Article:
Papanasam (பாபநாசம்) starring Kamal Haasan and Gauthami, is the Tamil remake of a successful Malayalam film “Drishyam” starring Mohanlal & Meena, both the films were directed by Jeethu Joseph. I was able to see Papanasam only after two weeks from its release and as expected the film has been doing well, with Kamal’s fans having only praises. I haven’t seen the original Malayalam version, so this review is about the Tamil version.
First, a big round of applause for Director Jeethu for a good story, to writer Jeyamohan who has penned the dialogues whose aroma fills every scene with it’s nativity. Having grown up seeing Gauthami as Heroine parred with Rajinikanth and Kamal, I am glad to see her back in the silver screen, all the best to her.
The story is about a self-made businessman “Suyambulingam” (played by Kamal Hasan) and his family (wife and two girls) who live happily in a town called Papanasam near Thenkasi in Tamil Nadu. One day the teenage son of a Police Inspector General (IG) “Geetha Prabhakar” (played by Asha Sarath) goes missing, a local constable who has grudge again Suyambu reports that he saw Suyambu driving the victim’s car on the day. Rest of the story is a cat and mouse game between the Geetha & Suyambu, with Police force in one side and Suyambu’s family on other side. The strength of the story and reason for it to have succeeded in all languages is it’s focus on the burning issue in today’s Indian society – of Indian boys regressive attitude towards girls, which results in violence against women. In India every day there are numerous incidents of Police apathy being reported, people loosing trust with the official system in the country and when they see on screen a common man take on the mighty and come out winning, audience are happy, Director has used this sentiment to the fullest.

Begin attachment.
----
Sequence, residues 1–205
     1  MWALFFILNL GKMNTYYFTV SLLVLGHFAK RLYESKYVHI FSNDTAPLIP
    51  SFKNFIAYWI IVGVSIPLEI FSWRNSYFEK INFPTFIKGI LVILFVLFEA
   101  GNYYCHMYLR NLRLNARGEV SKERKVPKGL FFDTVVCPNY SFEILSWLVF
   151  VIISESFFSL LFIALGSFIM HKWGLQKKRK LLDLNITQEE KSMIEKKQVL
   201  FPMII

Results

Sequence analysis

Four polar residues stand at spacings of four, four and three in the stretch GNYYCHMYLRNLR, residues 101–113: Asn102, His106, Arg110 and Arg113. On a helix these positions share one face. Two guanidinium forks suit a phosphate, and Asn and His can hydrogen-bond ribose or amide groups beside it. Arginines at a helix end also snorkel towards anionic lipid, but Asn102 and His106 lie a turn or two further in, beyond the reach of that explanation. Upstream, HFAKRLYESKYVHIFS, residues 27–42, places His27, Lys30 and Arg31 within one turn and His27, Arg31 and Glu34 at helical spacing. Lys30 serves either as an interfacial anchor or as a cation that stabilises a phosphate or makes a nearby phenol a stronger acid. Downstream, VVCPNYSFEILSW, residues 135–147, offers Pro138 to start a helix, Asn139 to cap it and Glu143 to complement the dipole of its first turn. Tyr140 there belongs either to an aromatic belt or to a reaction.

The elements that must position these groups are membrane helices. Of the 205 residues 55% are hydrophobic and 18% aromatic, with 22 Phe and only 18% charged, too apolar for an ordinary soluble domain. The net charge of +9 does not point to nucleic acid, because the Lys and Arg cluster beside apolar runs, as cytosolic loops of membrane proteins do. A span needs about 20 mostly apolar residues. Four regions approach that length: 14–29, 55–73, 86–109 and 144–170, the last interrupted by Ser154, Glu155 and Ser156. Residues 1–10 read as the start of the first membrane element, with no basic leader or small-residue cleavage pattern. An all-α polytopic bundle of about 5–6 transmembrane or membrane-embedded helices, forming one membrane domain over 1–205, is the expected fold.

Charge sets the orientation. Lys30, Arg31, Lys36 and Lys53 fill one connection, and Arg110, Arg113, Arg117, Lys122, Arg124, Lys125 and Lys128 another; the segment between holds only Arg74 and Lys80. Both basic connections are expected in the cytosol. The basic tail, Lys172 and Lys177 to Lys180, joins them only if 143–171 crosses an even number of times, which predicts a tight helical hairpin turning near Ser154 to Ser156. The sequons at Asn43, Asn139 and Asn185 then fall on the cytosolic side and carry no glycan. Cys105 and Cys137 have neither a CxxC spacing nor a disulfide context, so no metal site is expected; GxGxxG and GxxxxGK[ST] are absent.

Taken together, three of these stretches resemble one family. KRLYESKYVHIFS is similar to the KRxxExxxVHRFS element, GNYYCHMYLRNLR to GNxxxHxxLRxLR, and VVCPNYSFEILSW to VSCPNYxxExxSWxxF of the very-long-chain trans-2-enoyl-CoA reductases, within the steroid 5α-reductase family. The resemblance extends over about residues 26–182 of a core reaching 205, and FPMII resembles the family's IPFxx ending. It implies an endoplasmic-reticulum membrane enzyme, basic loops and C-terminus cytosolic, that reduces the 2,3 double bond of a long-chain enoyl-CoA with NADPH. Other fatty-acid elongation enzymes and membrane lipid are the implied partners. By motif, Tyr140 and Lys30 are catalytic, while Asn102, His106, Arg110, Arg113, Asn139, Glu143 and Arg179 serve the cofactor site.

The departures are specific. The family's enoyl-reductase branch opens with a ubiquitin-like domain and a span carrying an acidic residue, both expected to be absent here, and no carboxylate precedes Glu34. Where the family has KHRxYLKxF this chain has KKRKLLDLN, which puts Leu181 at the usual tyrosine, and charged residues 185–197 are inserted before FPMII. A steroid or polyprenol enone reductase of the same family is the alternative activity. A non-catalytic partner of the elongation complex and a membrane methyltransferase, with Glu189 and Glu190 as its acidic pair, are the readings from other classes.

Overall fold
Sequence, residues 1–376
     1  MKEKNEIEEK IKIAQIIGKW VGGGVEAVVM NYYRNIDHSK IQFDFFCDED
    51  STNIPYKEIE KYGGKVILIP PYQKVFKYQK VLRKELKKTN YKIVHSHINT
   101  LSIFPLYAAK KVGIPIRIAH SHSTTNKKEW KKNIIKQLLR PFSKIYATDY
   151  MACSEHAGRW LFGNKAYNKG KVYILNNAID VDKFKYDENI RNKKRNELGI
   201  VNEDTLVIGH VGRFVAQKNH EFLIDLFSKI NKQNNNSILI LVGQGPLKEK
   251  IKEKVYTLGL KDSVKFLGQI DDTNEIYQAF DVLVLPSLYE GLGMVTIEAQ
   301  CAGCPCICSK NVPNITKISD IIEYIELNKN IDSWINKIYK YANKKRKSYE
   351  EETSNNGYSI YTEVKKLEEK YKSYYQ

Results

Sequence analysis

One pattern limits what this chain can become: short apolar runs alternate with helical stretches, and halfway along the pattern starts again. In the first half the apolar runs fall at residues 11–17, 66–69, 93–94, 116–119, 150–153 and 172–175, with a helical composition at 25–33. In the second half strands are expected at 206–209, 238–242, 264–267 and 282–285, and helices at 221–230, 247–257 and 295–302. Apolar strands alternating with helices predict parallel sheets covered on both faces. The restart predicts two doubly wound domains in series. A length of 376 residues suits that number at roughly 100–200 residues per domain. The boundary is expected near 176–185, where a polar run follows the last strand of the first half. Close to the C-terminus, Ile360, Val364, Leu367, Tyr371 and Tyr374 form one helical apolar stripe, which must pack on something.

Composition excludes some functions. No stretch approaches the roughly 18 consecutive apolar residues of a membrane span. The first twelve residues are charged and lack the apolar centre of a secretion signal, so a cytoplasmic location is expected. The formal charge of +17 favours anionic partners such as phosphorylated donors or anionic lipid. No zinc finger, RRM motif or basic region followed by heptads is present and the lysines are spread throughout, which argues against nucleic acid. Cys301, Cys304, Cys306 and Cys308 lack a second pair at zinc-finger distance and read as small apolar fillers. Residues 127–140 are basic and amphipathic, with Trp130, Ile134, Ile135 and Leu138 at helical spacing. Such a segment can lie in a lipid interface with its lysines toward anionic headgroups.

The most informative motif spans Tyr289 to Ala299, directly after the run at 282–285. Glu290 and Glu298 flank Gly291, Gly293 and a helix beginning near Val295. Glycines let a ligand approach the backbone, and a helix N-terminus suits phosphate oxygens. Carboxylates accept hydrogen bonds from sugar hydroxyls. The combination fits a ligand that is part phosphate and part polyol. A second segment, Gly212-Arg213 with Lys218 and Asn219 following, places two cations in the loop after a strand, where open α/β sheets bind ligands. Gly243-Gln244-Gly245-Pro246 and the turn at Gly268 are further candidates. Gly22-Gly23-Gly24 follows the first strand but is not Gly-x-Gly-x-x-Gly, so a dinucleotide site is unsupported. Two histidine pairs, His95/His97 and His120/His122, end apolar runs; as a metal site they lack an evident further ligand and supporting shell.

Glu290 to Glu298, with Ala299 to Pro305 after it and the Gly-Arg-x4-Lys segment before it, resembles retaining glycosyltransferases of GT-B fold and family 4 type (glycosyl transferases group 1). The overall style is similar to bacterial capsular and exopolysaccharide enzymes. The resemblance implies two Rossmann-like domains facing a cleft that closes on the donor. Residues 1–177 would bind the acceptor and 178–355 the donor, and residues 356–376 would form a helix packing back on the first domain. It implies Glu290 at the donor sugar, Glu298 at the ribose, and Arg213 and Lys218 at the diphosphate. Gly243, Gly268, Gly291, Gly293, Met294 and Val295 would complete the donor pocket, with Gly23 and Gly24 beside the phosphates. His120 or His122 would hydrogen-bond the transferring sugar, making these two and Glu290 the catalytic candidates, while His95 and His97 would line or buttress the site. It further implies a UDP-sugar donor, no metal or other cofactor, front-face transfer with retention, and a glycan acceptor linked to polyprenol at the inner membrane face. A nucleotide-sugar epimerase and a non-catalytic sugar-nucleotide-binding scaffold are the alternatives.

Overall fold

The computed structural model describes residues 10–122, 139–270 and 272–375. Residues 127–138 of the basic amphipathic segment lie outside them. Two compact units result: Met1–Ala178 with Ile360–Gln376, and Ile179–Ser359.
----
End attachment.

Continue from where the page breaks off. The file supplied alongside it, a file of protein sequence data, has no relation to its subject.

While I liked the film, I felt it could have been sculpted better. I came out of the screen intellectually satisfied with the smartness of the Director, the brilliance of the actors especially Kamal but emotionally I didn’t feel much and that’s my take on the film. I am not able to understand how Suyambu & his family members plan to live with the guilt throughout their life, it’s not about Suyambu’s guilt alone which he manages unburden in the climax, it’s also about rest of the family members who have actually committed the accidental act. To me the film felt clinically made, with Director in every frame trying to answer his critics – how Suyambu recreated the incidents of the two days convincingly, why the Police couldn’t arrest Suyambu’s family officially, how Suyambu was conveniently placed to have access to the new police station building on the day of flooring and so on.
For his story to travel without hurdles, the Director has created the environment too convenient for him, it comes out artificial to me – starting from Suyambu being portrayed as an ideal character, his office being opposite to Police station, Suyambu shown spending nights watching movies in the office and not coming to office, None in Suyambu’s family carrying a mobile which is unbelievable for a family of 3 females (at least for their safety they will be having one). In the starting of the film, I am not sure why Gautami and Kamal Hasan had to venerate each other so much on screen, the bedroom romance scenes feeling out of place.
I couldn’t help but comparing in my mind Papanasam with two films of family drama genre that I enjoyed a lot. First was last year’s popular film “Gone Girl (2014)” which was into a suspected murder of a wife by her husband, the other was “Ammavin Kaipesi (2012)” by Thangar Bachan, which was about the guilt after an unexpected accidental murder.
Overall, a timely story sounding alarm bells for society that could’ve sounded better.